Madam Speaker, I thank my colleague from Drummond for his fine words.
I always find it strange to answer questions from my colleagues, but unlike what we see every day in question period, I can assure the House that we did not agree on the question in advance.
The government's centralizing tendency to always impose these types of conditions is real. It confirms that Canada is not a confederation or a sharing of certain interests, but an increasingly unilateral state. The evidence is that, any time the government sends the provinces a bit of money, it has to be on its terms. It has to impose standards and tell us which direction to take. I would like to remind members of what the constitutional expert that I quoted earlier said, and that is that the provinces are free as long as they follow the rules imposed on them.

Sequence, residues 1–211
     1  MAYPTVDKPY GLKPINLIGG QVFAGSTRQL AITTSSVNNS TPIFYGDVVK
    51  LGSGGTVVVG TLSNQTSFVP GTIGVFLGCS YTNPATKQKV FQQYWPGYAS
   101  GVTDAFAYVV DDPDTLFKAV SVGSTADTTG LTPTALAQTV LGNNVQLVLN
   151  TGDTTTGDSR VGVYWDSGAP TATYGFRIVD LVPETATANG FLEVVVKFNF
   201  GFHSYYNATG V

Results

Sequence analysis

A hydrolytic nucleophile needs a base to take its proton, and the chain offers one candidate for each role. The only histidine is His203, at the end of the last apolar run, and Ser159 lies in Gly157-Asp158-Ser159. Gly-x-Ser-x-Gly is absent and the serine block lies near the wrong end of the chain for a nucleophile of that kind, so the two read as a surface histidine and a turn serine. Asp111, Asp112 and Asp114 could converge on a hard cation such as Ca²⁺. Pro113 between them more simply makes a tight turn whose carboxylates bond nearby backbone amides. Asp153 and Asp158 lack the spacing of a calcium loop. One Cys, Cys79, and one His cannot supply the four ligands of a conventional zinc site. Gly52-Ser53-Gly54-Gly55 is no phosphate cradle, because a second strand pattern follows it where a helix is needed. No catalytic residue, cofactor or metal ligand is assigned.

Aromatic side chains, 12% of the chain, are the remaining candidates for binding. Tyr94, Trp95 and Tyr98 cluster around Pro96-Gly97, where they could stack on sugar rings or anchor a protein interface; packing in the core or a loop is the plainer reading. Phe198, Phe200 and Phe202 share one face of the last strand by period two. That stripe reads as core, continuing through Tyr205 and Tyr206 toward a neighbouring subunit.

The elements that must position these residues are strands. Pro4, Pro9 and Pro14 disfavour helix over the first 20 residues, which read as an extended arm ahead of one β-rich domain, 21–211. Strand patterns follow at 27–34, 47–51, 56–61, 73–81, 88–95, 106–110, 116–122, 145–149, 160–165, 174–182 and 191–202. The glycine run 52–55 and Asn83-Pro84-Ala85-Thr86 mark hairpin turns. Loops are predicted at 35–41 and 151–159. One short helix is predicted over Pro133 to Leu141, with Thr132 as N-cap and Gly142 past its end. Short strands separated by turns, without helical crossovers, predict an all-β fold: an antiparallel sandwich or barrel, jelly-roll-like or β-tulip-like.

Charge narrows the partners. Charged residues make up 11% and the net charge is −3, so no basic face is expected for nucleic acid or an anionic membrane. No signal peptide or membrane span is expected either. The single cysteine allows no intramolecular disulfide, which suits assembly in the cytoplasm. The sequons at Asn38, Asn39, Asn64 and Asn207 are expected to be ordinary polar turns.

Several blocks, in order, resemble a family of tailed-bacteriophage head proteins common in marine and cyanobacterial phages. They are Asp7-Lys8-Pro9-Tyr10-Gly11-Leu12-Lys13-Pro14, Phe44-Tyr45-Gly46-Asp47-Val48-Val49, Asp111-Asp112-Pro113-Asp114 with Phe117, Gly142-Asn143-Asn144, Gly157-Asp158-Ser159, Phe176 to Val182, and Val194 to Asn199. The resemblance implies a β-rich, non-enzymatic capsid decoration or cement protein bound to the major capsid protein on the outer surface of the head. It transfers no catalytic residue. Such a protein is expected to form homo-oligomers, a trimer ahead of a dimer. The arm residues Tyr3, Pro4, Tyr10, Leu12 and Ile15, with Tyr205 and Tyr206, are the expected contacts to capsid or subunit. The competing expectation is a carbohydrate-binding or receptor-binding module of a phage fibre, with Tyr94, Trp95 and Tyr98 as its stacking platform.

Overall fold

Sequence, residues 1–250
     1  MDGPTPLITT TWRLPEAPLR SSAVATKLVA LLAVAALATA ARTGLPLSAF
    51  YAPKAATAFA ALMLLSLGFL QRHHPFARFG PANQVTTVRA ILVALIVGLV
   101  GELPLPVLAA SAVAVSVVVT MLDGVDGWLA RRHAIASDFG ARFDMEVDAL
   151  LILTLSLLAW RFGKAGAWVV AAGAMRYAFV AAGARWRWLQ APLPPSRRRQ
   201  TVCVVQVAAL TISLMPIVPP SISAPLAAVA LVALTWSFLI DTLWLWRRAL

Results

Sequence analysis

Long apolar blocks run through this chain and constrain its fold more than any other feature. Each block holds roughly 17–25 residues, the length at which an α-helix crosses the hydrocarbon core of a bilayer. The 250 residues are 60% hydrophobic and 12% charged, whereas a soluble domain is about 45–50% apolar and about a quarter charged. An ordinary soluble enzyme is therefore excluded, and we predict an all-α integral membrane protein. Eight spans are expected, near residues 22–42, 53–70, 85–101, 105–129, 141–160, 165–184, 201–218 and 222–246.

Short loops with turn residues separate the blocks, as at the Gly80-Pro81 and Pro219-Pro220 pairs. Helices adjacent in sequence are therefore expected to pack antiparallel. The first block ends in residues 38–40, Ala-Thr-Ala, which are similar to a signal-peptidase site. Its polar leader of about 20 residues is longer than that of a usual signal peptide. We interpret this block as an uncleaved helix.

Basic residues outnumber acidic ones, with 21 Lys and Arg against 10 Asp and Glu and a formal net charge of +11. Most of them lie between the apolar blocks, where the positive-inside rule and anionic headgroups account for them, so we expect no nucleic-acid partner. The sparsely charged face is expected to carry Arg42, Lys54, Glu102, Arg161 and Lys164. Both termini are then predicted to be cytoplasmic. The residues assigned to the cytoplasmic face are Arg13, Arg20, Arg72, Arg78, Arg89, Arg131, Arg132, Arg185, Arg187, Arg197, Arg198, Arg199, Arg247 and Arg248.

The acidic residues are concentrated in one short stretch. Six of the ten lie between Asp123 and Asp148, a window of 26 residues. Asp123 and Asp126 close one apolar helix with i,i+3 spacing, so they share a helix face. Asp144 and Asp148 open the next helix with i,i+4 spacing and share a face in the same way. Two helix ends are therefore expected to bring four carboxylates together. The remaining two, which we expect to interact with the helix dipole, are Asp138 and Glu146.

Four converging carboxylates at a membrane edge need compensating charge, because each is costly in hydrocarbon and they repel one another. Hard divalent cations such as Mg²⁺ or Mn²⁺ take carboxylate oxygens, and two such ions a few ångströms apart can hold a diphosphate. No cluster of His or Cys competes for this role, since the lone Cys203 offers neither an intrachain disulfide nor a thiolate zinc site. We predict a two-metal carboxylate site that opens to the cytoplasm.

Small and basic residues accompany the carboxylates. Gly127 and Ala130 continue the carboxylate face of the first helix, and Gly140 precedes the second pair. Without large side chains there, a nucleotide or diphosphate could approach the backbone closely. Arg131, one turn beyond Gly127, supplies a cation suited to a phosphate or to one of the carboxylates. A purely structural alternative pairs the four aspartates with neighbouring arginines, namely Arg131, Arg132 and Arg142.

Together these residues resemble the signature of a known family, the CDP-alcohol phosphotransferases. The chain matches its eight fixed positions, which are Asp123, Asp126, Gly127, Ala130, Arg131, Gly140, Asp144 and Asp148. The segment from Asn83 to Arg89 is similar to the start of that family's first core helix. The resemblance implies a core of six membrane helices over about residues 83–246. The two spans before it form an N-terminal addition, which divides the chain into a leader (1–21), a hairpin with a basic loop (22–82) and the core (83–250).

How is there any flexibility or independence in that? I am still looking for the answer.